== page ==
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Film noir is a genre of crime film that was popularized from the 1940s to the 1950s. Its cynical characters, stark lighting, and existential philosophy are hallmarks of the style.[1] The tropes often came about from the rise of "hard-boiled" crime fiction from the Great Depression, with the familiar tropes of urbanism, fast-paced slang, sex, and violence came into print, which contrasts the previous decade's country house mystery.[2]


Common Imagery[]

  • Alcohol, often hard liquor
  • Fog
  • Guns, often revolvers
  • Large cities with art deco skyscrapers and warehouses
  • Nightclubs, bars, gambling dens, and other hedonistic locales
  • Rain
  • Smoking
  • Streetlights
  • Window blinds, creates a dramatic lighting effect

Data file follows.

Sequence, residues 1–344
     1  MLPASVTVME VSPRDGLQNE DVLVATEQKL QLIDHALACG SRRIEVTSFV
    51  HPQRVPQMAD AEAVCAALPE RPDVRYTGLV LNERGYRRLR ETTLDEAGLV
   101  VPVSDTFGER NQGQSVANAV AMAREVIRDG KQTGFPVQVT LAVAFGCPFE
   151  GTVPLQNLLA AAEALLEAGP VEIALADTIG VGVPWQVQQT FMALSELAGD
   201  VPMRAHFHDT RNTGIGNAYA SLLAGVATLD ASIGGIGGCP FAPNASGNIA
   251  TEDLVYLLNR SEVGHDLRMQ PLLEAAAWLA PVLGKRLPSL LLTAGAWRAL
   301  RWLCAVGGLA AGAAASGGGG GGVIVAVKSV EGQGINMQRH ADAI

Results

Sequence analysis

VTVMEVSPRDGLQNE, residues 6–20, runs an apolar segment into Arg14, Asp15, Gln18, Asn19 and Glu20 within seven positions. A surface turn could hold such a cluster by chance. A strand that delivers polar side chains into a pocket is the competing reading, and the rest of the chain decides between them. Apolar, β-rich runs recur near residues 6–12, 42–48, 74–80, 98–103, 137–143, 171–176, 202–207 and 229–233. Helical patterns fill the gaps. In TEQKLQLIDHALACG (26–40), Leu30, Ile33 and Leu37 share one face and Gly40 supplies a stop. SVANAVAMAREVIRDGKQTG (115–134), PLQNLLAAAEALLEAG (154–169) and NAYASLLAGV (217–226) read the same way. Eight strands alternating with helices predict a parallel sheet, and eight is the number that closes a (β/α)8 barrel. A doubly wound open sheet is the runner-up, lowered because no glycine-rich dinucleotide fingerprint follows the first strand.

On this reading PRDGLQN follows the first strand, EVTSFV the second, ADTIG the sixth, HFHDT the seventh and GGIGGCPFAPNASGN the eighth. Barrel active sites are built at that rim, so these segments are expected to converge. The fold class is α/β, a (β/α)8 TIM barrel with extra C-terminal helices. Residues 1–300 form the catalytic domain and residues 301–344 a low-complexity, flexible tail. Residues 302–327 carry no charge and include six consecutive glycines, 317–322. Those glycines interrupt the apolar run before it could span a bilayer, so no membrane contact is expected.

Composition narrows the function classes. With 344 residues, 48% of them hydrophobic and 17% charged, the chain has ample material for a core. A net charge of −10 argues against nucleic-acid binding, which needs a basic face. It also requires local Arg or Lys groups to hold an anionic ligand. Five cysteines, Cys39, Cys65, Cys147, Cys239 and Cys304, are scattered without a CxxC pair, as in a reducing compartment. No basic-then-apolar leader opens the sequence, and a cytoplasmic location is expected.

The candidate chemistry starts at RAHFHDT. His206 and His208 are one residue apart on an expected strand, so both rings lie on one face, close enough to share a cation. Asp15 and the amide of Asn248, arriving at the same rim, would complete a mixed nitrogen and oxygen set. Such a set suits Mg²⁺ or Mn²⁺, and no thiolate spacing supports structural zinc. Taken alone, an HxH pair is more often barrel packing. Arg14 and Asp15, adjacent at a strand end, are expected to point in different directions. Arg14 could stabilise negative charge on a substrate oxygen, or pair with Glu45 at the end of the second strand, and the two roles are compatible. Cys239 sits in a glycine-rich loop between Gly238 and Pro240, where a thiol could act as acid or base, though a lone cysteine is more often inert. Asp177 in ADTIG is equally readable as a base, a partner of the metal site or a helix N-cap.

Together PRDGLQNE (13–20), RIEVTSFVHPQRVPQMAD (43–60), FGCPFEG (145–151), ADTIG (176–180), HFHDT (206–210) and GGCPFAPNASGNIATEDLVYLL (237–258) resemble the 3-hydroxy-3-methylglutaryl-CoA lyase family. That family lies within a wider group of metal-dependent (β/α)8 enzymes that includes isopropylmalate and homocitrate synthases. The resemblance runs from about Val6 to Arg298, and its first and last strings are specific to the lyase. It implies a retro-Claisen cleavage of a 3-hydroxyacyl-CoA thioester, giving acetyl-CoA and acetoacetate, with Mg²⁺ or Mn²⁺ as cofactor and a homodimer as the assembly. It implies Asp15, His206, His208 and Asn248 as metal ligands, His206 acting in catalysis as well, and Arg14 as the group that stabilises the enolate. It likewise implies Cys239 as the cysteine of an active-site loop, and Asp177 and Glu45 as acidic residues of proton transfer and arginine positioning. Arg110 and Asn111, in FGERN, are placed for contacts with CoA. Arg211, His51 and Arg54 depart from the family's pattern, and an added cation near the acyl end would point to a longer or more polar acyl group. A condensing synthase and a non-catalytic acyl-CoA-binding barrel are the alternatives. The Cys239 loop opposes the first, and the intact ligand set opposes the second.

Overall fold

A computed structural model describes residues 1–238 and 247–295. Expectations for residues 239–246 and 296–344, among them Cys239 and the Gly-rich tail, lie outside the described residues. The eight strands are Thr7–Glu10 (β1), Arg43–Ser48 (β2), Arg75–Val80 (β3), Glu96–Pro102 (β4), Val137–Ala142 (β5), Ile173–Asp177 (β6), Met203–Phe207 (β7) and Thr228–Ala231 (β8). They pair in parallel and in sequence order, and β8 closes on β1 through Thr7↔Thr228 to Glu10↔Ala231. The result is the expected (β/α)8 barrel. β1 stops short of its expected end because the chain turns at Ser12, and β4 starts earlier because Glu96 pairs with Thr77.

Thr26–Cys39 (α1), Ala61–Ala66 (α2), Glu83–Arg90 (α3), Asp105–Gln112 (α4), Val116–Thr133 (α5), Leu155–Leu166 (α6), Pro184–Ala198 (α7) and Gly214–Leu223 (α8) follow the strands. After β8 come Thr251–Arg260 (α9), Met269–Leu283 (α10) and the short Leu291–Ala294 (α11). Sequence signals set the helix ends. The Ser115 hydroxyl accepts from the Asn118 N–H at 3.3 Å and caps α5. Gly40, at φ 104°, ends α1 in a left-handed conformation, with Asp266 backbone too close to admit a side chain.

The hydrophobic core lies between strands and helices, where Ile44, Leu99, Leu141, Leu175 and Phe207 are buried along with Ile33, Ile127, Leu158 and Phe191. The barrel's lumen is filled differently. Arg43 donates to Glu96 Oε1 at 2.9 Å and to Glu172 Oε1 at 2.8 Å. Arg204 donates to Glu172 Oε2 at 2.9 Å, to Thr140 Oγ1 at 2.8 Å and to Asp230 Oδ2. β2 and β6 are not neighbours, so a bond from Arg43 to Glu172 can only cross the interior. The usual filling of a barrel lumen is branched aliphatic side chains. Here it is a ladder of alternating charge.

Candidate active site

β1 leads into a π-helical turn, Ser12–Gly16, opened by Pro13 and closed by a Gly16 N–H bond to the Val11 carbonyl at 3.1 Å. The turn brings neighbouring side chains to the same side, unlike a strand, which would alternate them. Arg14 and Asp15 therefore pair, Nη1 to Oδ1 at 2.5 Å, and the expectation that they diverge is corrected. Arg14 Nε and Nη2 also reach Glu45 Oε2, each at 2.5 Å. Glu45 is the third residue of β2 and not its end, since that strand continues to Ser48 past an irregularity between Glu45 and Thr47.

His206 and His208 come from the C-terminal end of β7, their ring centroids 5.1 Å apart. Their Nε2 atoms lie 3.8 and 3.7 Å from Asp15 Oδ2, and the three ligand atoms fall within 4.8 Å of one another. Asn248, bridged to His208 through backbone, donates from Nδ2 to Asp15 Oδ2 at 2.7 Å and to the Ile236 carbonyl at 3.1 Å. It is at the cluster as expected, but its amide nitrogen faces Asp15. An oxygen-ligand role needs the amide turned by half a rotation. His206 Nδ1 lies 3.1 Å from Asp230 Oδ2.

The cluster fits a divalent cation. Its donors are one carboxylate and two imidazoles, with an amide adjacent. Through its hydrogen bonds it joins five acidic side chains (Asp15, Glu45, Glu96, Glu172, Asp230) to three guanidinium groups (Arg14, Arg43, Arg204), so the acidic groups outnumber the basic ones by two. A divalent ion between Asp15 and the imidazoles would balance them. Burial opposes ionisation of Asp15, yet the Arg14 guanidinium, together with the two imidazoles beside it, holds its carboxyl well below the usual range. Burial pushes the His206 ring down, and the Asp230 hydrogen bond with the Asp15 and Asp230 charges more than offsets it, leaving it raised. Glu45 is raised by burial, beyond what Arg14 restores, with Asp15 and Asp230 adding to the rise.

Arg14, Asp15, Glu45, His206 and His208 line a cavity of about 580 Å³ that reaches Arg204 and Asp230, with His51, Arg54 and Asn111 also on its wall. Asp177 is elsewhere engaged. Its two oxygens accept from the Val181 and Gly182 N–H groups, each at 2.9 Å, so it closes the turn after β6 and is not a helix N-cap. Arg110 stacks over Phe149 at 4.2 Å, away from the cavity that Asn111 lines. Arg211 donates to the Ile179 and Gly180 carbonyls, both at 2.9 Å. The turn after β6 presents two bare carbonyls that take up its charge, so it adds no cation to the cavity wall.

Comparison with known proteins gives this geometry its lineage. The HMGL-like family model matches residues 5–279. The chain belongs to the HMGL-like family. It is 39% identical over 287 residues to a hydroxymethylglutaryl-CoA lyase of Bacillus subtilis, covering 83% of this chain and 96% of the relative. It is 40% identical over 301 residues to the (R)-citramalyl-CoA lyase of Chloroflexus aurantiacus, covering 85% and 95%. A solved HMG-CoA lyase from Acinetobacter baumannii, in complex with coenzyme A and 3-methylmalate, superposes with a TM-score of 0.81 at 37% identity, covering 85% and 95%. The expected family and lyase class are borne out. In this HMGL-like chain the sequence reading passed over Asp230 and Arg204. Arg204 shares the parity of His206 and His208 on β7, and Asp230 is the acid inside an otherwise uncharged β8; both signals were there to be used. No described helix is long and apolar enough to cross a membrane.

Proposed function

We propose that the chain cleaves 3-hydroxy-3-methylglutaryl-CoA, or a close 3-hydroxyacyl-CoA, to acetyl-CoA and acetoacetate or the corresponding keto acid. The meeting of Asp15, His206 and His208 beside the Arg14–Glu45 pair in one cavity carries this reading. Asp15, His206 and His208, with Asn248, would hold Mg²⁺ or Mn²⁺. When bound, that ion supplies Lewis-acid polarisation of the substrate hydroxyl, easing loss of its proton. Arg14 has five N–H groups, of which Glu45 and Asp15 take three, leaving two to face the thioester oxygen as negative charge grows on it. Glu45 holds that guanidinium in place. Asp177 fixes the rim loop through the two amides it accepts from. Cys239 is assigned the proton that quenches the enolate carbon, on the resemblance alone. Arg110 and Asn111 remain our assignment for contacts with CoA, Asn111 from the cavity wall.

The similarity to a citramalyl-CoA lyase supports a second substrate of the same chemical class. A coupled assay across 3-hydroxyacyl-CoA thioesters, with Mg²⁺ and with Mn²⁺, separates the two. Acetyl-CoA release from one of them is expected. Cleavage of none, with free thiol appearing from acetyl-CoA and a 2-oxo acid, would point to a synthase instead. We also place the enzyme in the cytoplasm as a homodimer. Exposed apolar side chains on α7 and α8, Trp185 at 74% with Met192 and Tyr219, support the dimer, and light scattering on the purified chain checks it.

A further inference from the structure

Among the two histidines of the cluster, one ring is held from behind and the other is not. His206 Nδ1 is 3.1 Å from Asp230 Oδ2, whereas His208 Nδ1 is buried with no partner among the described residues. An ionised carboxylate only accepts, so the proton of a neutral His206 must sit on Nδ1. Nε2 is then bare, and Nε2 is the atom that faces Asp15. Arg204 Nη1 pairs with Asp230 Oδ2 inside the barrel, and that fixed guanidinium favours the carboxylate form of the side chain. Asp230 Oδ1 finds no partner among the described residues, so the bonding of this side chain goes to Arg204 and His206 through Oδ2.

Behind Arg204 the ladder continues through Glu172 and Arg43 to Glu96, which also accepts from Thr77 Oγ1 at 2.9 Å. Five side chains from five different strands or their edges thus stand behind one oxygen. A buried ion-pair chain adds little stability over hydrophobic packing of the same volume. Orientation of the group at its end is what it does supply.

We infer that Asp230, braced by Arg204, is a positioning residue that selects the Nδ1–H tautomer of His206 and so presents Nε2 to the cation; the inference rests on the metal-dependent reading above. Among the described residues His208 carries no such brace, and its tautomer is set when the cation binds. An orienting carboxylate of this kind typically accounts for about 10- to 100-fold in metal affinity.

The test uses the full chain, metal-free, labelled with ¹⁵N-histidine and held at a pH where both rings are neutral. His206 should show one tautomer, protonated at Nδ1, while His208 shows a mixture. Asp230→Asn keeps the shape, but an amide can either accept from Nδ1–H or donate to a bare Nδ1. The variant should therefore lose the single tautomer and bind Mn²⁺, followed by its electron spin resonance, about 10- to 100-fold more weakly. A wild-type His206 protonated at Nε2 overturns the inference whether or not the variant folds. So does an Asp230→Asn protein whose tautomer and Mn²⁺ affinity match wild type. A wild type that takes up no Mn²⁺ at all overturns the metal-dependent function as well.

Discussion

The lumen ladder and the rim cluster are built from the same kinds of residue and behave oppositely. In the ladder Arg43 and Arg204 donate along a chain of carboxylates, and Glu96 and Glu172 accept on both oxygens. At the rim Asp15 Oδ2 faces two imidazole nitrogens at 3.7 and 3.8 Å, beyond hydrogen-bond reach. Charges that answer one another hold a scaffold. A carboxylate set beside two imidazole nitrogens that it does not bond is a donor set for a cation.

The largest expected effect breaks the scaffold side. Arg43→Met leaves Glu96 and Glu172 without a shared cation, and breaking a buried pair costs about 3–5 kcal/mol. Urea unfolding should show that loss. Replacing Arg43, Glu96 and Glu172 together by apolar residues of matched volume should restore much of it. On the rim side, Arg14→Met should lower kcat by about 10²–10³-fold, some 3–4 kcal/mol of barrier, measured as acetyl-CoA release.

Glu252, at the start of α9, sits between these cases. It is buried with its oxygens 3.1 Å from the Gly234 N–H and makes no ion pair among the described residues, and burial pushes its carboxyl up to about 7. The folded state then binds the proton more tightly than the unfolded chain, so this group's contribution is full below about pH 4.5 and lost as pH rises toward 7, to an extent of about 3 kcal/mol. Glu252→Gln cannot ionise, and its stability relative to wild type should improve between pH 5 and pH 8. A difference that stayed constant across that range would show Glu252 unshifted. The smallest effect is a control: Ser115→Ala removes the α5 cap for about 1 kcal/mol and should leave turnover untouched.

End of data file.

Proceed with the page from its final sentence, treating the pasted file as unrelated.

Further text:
Common Characters[]

  • Private Investigator
  • Undercover policeman
  • An average man, victim of circumstance (typically a Fall Guy)
  • Corrupt Government Officials
  • The Mafia
  • Femme Fatale


The music typically associated with film noir is 1940s-1950s jazz, often at a slow tempo, with a strong saxophone presence, and a feeling of melancholy and sensuality.


Media Examples[]

For more, see the TVTropes index on the genre, as well as a list of one-off episodes in non-noir media.


  • Stranger on the Third Floor (1940)
  • The Maltese Falcon (1941)
  • Murder, My Sweet (1944)
  • Double Indemnity (1944)

Video games[]

  • Who Shot Johnny Rock? (1991)
  • L.A. Noire (2011)